Radiologists may be prone to work-related injuries

Thanks to a lack of attention paid to developing comfortable and ergonomic work spaces, radiologists appear susceptible to work-related musculoskeletal symptoms, according to research presented Monday at the American Roentgen Ray Society (ARRS) meeting in San Diego.

Researchers from Massachusetts General Hospital (MGH) in Boston found that only 7.2% of surveyed radiologists did not have any work-related musculoskeletal symptoms. Investments in training and education seem required to address this health risk to radiologists, according to the study team.

"It's an important problem that affects every radiologist, regardless of your level of training, what specialty you're in, your location, and [whether you're in] academic or private practice," said Dr. Anand Prabhakar, a clinical fellow in abdominal imaging. "We need to do something about it before it becomes very debilitating to people."

Following anecdotal reports that many radiologists suffer from work-related musculoskeletal symptoms, the MGH research team sought to determine the prevalence of these symptoms in radiologists at a large tertiary-care hospital. They also wanted to investigate the effects of several workstation ergonomic factors and work habits on these symptoms, according to Prabhakar.

They administered a written questionnaire to 28 randomly selected radiologists (17 male, 11 female; age range = 36-50 years) from various divisions of a single radiology department. All of these radiologists primarily utilized PACS and speech recognition for interpretation, but also occasionally viewed hard-copy images, according to the researchers.

The questionnaire gathered information such as demographics, work-related musculoskeletal symptoms, work habits, and workstation design. Of the respondents, 50% had worked on the same system for longer than five years. In addition, 96% had two to three monitors at their workstation.

Only 7.2% were symptom-free, and 70% had seen a physician for work-related musculoskeletal symptoms. The researchers also found that 75% had changed their work schedule in response to symptoms.

Prevalence of musculoskeletal symptoms included:

  • Neck pain in 42.8%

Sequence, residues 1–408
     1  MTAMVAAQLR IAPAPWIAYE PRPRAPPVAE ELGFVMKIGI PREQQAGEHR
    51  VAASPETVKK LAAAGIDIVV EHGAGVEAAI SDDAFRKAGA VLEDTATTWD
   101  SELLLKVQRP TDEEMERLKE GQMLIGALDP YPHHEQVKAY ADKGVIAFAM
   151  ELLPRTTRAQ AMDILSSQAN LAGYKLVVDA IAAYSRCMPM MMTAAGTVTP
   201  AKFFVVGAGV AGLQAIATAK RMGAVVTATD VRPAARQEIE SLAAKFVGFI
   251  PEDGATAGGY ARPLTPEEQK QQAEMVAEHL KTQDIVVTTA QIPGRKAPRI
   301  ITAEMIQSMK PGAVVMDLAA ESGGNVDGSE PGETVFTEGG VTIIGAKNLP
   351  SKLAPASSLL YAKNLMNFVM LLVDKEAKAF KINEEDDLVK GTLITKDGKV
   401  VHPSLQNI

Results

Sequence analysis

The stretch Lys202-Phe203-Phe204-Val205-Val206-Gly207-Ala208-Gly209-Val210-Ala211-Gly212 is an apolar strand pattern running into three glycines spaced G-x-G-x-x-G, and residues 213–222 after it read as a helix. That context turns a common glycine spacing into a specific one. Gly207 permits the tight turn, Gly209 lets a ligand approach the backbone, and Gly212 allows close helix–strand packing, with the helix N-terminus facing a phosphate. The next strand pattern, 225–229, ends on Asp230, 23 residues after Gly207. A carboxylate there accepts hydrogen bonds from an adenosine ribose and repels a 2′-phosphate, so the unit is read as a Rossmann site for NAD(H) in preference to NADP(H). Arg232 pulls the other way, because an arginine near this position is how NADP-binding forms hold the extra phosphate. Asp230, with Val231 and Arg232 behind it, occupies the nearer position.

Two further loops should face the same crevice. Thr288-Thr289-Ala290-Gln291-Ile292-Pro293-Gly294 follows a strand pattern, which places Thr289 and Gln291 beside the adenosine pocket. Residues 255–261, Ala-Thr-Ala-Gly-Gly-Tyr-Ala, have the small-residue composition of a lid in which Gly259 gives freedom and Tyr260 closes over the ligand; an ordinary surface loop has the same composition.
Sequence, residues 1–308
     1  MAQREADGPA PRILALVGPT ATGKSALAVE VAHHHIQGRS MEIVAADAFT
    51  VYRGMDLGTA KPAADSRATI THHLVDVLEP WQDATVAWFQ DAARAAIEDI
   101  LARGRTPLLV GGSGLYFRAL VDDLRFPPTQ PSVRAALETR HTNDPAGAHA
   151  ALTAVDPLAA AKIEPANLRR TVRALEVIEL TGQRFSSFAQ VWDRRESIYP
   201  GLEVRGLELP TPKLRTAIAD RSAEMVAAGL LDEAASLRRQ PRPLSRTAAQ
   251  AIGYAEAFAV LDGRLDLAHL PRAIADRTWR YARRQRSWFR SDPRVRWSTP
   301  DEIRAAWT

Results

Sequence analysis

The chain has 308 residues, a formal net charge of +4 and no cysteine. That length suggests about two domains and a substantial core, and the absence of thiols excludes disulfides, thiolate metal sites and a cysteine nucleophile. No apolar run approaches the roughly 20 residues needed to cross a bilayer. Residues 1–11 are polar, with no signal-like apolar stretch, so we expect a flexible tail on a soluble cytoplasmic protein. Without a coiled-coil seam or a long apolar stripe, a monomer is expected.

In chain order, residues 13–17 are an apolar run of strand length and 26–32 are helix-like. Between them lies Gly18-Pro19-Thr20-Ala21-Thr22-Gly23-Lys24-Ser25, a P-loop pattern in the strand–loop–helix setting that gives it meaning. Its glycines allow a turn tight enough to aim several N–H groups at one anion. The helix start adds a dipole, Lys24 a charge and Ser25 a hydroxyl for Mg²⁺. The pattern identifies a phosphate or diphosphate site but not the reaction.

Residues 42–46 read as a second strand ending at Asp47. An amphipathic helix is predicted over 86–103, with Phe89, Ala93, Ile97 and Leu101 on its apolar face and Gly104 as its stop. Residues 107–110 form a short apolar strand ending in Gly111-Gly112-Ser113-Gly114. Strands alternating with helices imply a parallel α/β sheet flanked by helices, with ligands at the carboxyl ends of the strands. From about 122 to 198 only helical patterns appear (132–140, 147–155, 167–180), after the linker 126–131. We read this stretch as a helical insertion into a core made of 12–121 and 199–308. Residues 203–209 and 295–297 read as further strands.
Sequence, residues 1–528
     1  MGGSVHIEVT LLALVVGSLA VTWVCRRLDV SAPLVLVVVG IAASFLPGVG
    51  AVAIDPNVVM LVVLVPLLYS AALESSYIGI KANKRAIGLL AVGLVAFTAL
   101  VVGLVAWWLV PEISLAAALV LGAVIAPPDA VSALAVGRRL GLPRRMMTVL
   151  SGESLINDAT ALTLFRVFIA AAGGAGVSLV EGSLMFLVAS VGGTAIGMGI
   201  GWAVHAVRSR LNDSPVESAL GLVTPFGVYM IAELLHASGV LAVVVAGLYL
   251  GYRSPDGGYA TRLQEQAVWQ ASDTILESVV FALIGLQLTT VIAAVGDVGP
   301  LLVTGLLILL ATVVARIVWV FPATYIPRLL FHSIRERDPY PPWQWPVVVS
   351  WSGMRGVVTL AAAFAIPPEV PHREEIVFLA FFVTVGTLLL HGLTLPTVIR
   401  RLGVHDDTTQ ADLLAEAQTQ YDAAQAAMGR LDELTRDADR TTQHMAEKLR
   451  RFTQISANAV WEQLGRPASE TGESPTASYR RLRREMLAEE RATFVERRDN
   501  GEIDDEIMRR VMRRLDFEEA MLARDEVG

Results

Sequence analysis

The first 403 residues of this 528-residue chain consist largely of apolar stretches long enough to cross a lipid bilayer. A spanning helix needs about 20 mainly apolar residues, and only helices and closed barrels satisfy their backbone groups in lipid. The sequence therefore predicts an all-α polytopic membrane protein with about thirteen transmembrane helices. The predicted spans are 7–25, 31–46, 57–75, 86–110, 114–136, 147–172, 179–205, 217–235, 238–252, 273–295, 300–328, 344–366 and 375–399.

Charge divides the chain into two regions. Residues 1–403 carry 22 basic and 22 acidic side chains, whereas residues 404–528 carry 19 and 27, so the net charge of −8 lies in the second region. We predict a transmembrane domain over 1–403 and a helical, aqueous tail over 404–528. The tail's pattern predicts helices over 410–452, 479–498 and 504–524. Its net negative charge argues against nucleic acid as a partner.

• Lower back pain in 39.2%
  • Headache in 32.1%
  • Shoulder pain in 32.1%
  • Wrist pain in 7.4%

The MGH researchers also discovered that three radiologists (17%) never adjusted their chairs; all had three or more symptoms of musculoskeletal pain. Only 32.3% of respondents always adjust their chairs, while 42.8% said they sometimes did.

As for adjusting their monitors, 60.7% never did. Elbow rests were never used by 53.5% of respondents, of which 46% had shoulder pain. Only 50% had a regular exercise program.

However, the researchers did not find any relationship between those who had more adaptive responses overall and those who had fewer symptoms.

Prabhakar attributed the prevalence of musculoskeletal problems to a combination of factors, including the piecemeal approach of putting together radiology work spaces in the PACS era.

"For example, the PACS station is not purchased at the same time [from] the same vendor; it's not integrated with, say, the desk, telephone, mouse, keyboard, and dictation system," he told "There really has not been any interest in somebody putting it all together and really taking into account radiologist comfort."

Cost also can be a factor, Prabhakar said. Training and education are often not provided on how to set up work spaces to be more comfortable and ergonomic.

In another notable survey finding, radiologists expressed strong preferences for having more tools for combating repetitive stress injury, some of which are very low cost, he said. For example, approximately 70% of respondents thought a wireless mouse would be helpful and approximately 60% said a wireless keyboard would be helpful. And although it would be more expensive than a wireless keyboard or wireless mouse, more than 80% of respondents wanted a desk with an adjustable height.

"If we can somehow test whether those small things could help people, then I think it's a small investment in the long-term health of radiologists," he said. "I suspect, and I haven't proven it, that if radiologists are more comfortable, then they're going to work more efficiently. And that will increase productivity, which I think is the measure that administrators will look at before they invest in it."

As for specific steps radiologists can take to improve their work-space environment, Prabhakar suggests examining recommendations produced by the U.S. Department of Labor's Occupational Safety and Health Administration (OSHA). Those guidelines, which are available online as an e-tool, provide a range of tips for creating safe and comfortable workstations.

"Ultimately, I hope that this project inspires other people to take control of their own workspace, maybe inspire industry or academic institutions to address the problem, and hopefully future research will prove that this may improve our productivity," he said.

Future research efforts will evaluate the impact of training and education on the symptoms of work-related musculoskeletal symptoms, Prabhakar said.

By Erik L. Ridley staff writer
May 3, 2010

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